22 min read

Porting Games to Mac OS X

With the release of Apple's new Mach-based operating system, OS X, the Macintosh gains a new path to high-performance gaming. Tim Wood from the Omni Group, veteran of many OS X game ports, shows how to design your new title to ensure compatibility with this operating system or port your existing game over to take advantage of the Macintosh's untapped market.

With the release of Mac OS X, the Macintosh platform gains a new path to easy-to-use and high-performance gaming. This article will address how you can easily port your current game over to the Mac and the APIs in Mac OS X that you can use to do so. Many of the issues involved with porting to a new operating system are common to porting to any new OS, not just the Mac.

I'll primarily be addressing this subject from my experiences in porting games such as Quake 3: Arena, Star Trek: Voyager — Elite Force, Oni, and American McGee's Alice. All of these titles obviously belong to a similar style, but the techniques I'll describe in this article are applicable to any game. We at Omni have been able to port well-structured games successfully in a matter of days, and sometimes hours, due to the productivity and ease-of-use advancements in OS X.

Why Port to the Mac?

The first reason is obviously economics. Sure, writing games is one of the most exciting and most challenging jobs around, but if you aren't generating income, you are either independently wealthy, or you won't be doing it for very long. Every developer should strive to write portable and modular code as a matter of course. The benefits of doing this are many and diverse. One of the benefits is being able to move your code easily to a new platform and attract an audience that you wouldn't have attracted otherwise. If your game is written correctly from the beginning, a port to the Mac will generate much more money than the cost of porting it. If you don't do the port, you might as well toss money in the trash.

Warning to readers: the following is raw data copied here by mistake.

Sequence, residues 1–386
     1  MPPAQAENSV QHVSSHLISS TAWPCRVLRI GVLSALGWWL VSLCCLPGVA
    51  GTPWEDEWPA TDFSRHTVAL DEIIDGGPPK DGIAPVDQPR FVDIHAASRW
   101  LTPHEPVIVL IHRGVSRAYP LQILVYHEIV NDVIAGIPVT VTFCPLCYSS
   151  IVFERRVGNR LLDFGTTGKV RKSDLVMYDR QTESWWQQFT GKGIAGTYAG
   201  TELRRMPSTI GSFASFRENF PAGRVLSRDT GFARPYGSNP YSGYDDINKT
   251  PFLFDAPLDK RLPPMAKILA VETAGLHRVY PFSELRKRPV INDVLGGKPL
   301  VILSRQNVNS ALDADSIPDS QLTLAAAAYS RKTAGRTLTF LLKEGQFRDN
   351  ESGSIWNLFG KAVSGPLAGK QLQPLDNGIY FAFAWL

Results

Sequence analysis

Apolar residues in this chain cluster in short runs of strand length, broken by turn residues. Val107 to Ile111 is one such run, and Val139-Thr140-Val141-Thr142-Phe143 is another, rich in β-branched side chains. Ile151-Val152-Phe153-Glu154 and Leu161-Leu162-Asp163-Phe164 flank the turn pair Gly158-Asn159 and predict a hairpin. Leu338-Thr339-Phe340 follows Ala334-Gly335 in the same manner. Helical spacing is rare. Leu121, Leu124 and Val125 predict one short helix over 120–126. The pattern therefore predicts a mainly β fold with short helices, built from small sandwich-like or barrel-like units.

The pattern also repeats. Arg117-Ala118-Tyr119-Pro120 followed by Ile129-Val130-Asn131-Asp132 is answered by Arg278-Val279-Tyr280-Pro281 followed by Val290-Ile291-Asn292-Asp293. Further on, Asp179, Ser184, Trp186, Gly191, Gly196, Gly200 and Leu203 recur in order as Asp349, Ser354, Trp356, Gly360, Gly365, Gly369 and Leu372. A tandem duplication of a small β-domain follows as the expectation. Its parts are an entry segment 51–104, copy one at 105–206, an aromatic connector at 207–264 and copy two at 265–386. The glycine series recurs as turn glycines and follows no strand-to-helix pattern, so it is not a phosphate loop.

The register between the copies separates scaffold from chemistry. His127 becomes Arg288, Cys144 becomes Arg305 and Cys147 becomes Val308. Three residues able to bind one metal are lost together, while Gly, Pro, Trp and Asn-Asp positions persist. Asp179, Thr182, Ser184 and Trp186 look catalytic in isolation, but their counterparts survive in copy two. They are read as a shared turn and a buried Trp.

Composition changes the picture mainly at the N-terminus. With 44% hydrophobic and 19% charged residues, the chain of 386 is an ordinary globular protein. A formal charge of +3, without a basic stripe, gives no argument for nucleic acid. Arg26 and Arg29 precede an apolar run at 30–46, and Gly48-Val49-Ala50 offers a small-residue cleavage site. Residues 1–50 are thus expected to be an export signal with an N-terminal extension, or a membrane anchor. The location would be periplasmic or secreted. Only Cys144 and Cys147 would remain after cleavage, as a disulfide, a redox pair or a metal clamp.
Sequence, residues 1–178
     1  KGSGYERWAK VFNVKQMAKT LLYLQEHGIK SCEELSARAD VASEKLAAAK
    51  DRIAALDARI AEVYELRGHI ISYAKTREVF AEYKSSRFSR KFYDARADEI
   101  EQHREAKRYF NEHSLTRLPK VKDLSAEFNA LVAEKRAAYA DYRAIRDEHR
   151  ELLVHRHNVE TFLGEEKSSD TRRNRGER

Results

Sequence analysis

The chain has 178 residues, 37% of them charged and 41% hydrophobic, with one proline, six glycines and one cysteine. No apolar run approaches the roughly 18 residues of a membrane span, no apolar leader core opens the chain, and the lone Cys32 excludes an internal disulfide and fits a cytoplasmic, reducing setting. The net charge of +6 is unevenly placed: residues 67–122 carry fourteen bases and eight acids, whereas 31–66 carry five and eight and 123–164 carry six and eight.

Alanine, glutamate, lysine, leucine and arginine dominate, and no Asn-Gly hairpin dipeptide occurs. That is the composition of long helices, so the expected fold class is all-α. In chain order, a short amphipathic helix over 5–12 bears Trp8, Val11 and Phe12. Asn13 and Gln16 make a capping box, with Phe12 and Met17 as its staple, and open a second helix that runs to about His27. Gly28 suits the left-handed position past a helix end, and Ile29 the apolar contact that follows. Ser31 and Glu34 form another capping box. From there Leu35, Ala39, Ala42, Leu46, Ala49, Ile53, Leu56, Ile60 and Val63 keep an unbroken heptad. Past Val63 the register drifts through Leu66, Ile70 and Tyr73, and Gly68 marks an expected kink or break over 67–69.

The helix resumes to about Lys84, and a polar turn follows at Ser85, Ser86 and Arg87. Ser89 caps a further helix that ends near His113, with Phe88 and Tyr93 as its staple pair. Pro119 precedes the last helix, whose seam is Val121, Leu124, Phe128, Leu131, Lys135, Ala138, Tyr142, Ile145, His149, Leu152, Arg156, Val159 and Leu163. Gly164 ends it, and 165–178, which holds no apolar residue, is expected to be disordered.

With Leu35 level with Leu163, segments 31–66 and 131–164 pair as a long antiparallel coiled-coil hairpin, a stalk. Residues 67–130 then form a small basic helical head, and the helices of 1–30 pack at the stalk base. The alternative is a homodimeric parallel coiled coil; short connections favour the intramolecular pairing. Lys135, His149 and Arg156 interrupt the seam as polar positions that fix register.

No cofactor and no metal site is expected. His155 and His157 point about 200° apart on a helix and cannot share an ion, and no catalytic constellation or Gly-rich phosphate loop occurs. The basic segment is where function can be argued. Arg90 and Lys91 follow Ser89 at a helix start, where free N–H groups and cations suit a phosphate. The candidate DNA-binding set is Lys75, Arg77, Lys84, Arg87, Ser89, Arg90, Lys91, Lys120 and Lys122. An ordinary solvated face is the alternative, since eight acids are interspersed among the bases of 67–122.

Screenshot from Star Trek: Voyager — Elite Force.

Revenue in the Mac market will certainly not be as high as in the PC or console markets, but neither are costs. Advertising does not cost millions of dollars in the Mac market. Due to the high level of community, the word-of-mouth advertising, and possibly piggybacking on your PC marketing, if you have a simultaneous release date it can yield very good market penetration. The Mac market also doesn't demand that you produce a game with a $3 million budget. If you are looking at original development on the Mac, you can build games very cheaply that will be well received (and perhaps focus more on gameplay rather than having to spend time on all the latest graphics effects just to get on the shelf). Simple and well-designed titles are possible on the Mac.

The Mac market has a longer shelf life for titles than the PC market, and there is less overall competition. Thus, while it is very easy to lose money on a PC or console title, it takes much more effort to do so on a Mac title.

Also, if you license your PC publication rights, you can often hold back the Mac rights. Many PC publishers will not see the economy of scale on the Mac that they need in order for them to turn a profit. By doing so, you can either publish on the Mac yourself or find a publisher that specializes in the Mac market and knows how to make money there. This will give your development house additional income beyond the advances and royalties you get from your PC publisher.

There are other, less obviously money-grubbing reasons to port to the Mac. If you plan on licensing or reusing the engine that you are using for your current title, the work in making your engine run on the Mac can be amortized over multiple titles, and it can generate more licensing interest.

Finally, moving your code to another platform can help uncover many latent bugs in your code. In this case, the extra effort involved in supporting multiple platforms can actually reduce the amount of work at the tail end of a project by ensuring that the base you are building your game on is as stable as possible.

Planning Your Game

As with any complicated task, large gains in productivity can be had if you plan your effort before embarking on it. The first step in planning a project is deciding where you want to end up after all your effort has been expended. This applies to both the features you want in your game and the platforms on which it will run. The earlier you decide on your supported platforms, the easier it will be to achieve your goals.

The decision of which features your game will include is related to the platforms you will support. For example, if you are planning on supporting wireless gaming, you probably won't be using Open GL for at least a couple of years (beyond that, who knows?). Likewise, if you are going to write games that are going to run on the Mac, you need to pick foundation technologies that are available there. This excludes proprietary technologies like DirectThis and DirectThat (and Mac proprietary technologies such as Core Graphics, Cocoa, Carbon, and so on if you are going to run on Windows).